Presenter Information

Thomas StanilaFollow

Major

Biology

Anticipated Graduation Year

2022

Access Type

Open Access

Abstract

The human gut microbiome plays a fundamental role in physiological processes and homeostatic relationships in the body, with research proving its effects beyond gastrointestinal functioning such as in immune response, psychological operation, and nutritional metabolism. Caffeine, nicotine, and theobromine—the principal bioactive compounds in regularly consumed products like coffee, cigarettes, and dark chocolate, respectively—may yield significant and variable influences on human health beyond their normal pharmacodynamics through affecting gut microbiota. Using metagenomic modelling, predictions can be determined regarding intestinal community activity as well. I hypothesize that the compounds will alter microbial community composition in a time- and dose-dependent manner.

Faculty Mentors & Instructors

Michael Burns, PhD, Assistant Professor, Department of Biology; Catherine Putonti, PhD, Associate Professor, Department of Bioinformatics

Creative Commons License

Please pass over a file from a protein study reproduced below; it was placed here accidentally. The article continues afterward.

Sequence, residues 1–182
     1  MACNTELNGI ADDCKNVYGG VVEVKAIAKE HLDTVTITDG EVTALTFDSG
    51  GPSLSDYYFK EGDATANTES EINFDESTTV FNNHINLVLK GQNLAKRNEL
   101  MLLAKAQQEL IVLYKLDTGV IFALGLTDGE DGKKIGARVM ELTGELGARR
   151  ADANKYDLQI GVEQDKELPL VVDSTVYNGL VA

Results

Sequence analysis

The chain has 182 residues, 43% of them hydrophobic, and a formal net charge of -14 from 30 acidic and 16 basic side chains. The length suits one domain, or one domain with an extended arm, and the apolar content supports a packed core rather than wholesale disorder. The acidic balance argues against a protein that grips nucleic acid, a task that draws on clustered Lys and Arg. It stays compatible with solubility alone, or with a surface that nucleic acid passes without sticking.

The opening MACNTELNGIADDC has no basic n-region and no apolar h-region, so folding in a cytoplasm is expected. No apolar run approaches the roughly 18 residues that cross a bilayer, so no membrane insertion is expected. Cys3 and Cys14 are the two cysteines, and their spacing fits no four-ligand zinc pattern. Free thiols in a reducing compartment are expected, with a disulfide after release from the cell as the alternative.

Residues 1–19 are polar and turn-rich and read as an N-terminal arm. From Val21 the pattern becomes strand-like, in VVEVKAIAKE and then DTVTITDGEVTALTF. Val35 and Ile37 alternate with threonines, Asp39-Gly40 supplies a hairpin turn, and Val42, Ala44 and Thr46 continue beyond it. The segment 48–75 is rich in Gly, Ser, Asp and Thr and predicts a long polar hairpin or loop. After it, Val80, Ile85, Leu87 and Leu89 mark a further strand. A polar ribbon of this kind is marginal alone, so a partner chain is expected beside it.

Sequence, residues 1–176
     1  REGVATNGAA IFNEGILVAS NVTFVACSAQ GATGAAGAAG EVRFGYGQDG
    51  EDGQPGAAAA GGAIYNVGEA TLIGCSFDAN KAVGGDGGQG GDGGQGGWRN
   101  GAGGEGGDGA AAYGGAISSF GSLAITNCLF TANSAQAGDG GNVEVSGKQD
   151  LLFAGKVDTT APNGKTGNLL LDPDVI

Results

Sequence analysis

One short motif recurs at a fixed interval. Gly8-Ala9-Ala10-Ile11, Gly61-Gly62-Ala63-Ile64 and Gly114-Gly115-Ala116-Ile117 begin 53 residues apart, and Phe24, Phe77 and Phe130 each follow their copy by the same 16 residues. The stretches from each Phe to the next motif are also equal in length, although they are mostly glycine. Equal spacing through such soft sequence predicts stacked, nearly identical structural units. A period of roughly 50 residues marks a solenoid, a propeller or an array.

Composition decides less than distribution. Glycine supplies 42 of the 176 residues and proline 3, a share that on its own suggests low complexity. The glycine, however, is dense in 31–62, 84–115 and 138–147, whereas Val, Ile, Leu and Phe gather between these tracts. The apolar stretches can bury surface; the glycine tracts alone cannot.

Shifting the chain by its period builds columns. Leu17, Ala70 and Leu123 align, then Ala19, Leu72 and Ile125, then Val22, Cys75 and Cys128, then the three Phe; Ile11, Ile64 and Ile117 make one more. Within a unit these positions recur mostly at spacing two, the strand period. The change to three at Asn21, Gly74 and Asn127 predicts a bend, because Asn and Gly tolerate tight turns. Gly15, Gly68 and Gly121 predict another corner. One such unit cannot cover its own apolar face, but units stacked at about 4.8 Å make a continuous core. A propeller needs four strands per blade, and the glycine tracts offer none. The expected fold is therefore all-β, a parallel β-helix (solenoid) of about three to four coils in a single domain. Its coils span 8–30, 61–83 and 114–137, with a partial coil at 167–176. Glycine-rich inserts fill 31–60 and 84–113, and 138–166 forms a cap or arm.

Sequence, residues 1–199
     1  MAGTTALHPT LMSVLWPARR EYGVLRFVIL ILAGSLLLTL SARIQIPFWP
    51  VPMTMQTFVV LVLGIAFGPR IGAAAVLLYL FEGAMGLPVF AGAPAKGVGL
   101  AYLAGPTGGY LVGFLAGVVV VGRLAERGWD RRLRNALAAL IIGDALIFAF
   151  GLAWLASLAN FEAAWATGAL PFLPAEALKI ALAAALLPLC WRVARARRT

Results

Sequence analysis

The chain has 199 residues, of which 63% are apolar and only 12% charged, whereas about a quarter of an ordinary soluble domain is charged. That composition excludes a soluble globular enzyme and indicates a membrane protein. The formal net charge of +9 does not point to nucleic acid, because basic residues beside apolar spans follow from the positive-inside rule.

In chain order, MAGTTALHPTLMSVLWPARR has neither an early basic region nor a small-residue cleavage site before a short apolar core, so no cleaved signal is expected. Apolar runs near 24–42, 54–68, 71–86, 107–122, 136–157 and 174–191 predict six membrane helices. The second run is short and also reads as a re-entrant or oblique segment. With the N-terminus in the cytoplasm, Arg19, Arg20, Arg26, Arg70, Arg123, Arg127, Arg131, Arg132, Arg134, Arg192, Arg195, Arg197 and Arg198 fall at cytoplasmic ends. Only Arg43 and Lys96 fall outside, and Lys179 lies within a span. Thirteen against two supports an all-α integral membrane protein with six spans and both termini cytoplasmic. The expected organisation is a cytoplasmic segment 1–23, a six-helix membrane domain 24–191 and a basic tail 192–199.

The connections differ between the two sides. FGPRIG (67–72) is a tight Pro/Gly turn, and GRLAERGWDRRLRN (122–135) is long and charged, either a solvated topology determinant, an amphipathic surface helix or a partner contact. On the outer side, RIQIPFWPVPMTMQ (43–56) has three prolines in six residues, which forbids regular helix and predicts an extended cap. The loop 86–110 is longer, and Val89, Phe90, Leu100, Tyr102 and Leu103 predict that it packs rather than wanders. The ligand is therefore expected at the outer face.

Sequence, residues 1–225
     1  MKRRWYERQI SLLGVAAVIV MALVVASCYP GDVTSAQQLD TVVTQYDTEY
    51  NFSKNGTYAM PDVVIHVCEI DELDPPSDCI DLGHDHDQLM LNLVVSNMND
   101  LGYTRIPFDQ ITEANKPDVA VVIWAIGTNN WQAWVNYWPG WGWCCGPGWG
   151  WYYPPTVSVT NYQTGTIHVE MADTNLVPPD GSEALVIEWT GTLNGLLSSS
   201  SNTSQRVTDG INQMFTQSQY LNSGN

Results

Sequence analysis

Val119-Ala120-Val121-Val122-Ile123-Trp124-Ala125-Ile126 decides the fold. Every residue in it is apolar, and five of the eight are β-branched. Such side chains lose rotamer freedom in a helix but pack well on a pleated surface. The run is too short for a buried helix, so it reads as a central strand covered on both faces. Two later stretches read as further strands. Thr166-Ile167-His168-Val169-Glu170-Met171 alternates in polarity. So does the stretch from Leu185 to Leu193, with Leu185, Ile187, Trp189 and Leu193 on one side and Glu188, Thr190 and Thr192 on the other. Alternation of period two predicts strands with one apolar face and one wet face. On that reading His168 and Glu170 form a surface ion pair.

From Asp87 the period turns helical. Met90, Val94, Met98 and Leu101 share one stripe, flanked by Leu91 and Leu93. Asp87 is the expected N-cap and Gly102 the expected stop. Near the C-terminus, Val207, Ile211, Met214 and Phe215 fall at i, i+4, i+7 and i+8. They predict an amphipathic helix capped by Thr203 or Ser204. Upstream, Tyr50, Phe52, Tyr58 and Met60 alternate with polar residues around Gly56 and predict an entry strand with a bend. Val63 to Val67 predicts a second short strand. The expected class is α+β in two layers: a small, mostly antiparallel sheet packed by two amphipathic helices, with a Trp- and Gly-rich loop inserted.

Creative Commons License
This work is licensed under a Creative Commons Attribution-Noncommercial-No Derivative Works 3.0 License.

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The role of caffeine, nicotine and theobromine in the biodiversity and function of the human gut microbiome

The human gut microbiome plays a fundamental role in physiological processes and homeostatic relationships in the body, with research proving its effects beyond gastrointestinal functioning such as in immune response, psychological operation, and nutritional metabolism. Caffeine, nicotine, and theobromine—the principal bioactive compounds in regularly consumed products like coffee, cigarettes, and dark chocolate, respectively—may yield significant and variable influences on human health beyond their normal pharmacodynamics through affecting gut microbiota. Using metagenomic modelling, predictions can be determined regarding intestinal community activity as well. I hypothesize that the compounds will alter microbial community composition in a time- and dose-dependent manner.